I am at present staying at Settignano, a village about three miles from Florence. The father of Michael Angelo had two farms here, and the great artist's boy-hood was largely spent here, from which place you can see a beautiful panorama of hills and vales, the river Arno, the orange-coloured lichen roofs of Castellos’ country houses and farms, embowered in grey-green trees, Florence, with its domes and cupolas, and here and there the solemn sobriety of cypress trees pointing to the perfect blue of an Italian sky.  Over the whole landscape their ever seems a delicate veil of atmosphere, softening the varied contours of the hills, and giving a greater sense of distance to the mountains, which frame in the splendid perspective of the horizon. Thus we get a perspective of form, of colour, and of tone, and (I must not forget), a perspective of sound, for at certain times during the day and at evening the silver-toned bells of the varied campanelli answer each other from hill to hill, and proclaim, not in so many words, yet they remind us that this fair earth, the scene of beauty and of toil is not all, but that man " cannot Live by bread alone "—though, indeed, the evidence of the Divine Fiat is not wanting that man must, live by the sweat of his brow and wrest his bread by ardurous toil from the earth through the long hours of sultry heat, and cold and rain storm; through all the vicissitudes of physical fatigue and discomfort.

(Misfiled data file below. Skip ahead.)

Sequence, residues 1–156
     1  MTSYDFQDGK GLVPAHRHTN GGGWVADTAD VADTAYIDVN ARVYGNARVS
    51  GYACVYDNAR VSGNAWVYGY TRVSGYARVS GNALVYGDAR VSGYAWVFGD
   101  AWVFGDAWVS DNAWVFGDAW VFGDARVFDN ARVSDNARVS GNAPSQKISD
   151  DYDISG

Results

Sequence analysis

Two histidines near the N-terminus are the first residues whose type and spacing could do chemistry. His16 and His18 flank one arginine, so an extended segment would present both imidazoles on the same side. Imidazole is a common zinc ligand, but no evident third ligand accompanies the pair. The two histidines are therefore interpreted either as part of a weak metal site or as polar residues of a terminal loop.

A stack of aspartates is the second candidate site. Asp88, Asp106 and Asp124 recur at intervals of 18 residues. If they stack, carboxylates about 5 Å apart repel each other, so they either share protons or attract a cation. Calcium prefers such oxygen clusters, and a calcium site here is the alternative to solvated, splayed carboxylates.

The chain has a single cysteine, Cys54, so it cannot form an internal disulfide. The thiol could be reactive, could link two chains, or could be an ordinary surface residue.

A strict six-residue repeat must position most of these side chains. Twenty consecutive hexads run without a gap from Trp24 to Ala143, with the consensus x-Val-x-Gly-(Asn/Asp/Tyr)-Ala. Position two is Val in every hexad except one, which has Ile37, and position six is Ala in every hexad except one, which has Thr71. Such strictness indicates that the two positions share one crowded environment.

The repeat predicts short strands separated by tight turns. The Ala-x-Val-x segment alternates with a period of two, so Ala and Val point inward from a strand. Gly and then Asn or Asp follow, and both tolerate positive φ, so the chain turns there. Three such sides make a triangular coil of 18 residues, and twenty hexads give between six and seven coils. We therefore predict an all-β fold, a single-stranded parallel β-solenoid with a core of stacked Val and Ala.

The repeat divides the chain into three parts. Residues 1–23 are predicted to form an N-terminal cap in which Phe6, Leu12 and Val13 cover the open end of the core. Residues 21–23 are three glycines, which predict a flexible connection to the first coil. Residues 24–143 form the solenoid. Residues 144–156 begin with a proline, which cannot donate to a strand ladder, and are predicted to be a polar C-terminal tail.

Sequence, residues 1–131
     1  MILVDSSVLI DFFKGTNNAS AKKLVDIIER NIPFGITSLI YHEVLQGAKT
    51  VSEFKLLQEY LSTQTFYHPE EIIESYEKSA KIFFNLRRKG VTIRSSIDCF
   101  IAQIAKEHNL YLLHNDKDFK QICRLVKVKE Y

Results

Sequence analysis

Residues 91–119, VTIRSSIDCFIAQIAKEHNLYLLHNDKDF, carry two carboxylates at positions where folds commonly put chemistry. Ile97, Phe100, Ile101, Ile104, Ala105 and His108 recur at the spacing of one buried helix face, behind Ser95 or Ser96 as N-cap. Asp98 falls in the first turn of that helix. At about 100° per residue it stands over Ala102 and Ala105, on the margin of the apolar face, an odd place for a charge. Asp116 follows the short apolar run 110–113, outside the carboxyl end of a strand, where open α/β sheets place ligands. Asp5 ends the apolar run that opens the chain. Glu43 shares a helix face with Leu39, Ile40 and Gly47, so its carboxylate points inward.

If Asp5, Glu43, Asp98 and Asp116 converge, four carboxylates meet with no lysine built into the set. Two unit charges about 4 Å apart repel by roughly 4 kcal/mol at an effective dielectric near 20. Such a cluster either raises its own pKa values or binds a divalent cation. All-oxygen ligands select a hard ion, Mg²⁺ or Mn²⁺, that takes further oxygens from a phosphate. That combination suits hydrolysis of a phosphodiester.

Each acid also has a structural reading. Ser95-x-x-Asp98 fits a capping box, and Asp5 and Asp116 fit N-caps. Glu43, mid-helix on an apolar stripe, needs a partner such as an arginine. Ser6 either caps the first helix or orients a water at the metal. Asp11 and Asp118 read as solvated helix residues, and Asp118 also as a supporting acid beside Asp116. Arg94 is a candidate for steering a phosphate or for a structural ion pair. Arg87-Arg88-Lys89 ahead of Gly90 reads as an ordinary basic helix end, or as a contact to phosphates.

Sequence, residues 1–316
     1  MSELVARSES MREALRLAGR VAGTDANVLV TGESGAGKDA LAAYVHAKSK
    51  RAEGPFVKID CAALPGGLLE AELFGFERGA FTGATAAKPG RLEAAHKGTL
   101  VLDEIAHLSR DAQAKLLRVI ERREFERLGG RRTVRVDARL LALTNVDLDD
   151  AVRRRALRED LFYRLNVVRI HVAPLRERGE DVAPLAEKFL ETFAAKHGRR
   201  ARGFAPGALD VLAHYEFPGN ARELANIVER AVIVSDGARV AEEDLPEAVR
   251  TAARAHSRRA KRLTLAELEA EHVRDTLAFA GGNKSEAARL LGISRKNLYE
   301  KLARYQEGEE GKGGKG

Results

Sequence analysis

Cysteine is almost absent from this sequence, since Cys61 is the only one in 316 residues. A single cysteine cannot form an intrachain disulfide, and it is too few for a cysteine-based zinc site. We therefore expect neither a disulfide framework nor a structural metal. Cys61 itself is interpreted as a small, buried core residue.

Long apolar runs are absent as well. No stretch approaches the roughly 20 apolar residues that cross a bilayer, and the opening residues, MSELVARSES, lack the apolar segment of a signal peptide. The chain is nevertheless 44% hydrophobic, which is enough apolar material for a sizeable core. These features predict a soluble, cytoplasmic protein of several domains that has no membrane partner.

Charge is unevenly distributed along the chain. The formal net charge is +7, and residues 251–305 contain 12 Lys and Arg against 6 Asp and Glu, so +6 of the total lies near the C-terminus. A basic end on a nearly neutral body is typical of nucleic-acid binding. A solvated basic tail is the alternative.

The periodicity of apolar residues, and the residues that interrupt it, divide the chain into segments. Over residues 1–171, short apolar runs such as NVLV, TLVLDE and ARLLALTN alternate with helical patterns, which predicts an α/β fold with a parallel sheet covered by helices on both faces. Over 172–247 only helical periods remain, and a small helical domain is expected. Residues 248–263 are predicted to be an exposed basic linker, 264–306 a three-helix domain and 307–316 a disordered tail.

Then, as one surveys these fertile fields, the scenes of incessant labour, here and there, another harvest is witnessed, too, gathered by an untiring reaper.  There, in the cypress-shaded campo santos, the dead are lying close by the living worker, and life and death are inextricably blended.  Surely the fever and fret of loss or gain must be soberedas the worker realises he is toiling as a passing pilgrim in the fields and vineyards of his fathers, and that soon, too, where he is labouring to get the bread that perisheth, others will take his place, whilst close by he will be sleeping . . . when the air is humming with life, vibrating in great heat, when gay colour is all around, the green lizards swiftly start away at your shadow on the sunny wall, and the care-less flip-flop of butterflies, heavy on glorious wing, pass by. Then the calm of the campo santo makes its great contrast, and though a faint breeze may stir the leaves and gentle rustle in the corn, the cypress is unmoved, the spires of the evergreen are unchanged in their gravity and beauty, for they point away from the earth elsewhere, and hint of a promised peace - not of this world.